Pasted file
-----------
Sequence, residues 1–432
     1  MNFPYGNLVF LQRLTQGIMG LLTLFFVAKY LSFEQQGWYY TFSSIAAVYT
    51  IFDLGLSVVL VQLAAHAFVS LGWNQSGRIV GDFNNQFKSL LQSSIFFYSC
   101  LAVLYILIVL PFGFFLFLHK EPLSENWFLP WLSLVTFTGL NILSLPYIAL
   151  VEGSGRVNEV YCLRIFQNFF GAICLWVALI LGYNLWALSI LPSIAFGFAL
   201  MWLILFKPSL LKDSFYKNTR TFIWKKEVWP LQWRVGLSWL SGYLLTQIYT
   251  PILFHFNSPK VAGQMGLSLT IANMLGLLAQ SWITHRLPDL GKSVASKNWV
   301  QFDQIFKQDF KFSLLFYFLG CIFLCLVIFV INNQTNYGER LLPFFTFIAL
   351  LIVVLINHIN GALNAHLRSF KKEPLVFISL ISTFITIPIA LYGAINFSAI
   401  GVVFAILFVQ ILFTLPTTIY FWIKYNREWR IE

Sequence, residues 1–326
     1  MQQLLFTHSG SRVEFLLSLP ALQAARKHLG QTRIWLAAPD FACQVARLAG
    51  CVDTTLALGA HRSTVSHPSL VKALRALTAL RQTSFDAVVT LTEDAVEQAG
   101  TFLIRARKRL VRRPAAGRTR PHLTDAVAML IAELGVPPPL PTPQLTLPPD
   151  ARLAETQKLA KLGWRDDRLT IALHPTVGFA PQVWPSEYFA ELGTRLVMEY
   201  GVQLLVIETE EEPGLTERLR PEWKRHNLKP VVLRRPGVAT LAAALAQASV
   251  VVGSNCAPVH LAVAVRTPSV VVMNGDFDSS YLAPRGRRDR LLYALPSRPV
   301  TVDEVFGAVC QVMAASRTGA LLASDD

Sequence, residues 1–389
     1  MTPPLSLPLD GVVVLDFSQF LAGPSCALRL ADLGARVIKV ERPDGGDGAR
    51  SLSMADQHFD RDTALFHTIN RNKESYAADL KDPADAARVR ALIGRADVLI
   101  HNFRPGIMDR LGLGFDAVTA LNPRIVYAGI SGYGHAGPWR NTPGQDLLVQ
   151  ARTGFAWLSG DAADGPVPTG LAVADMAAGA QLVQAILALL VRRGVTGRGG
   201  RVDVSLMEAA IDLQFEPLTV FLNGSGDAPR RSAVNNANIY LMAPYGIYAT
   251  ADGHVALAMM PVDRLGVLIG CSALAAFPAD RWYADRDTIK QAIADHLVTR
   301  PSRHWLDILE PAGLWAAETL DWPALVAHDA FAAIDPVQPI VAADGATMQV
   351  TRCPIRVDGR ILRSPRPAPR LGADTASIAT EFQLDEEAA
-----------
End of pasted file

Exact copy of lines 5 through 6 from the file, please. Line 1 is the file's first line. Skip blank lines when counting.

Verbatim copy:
   151  VEGSGRVNEV YCLRIFQNFF GAICLWVALI LGYNLWALSI LPSIAFGFAL
   201  MWLILFKPSL LKDSFYKNTR TFIWKKEVWP LQWRVGLSWL SGYLLTQIYT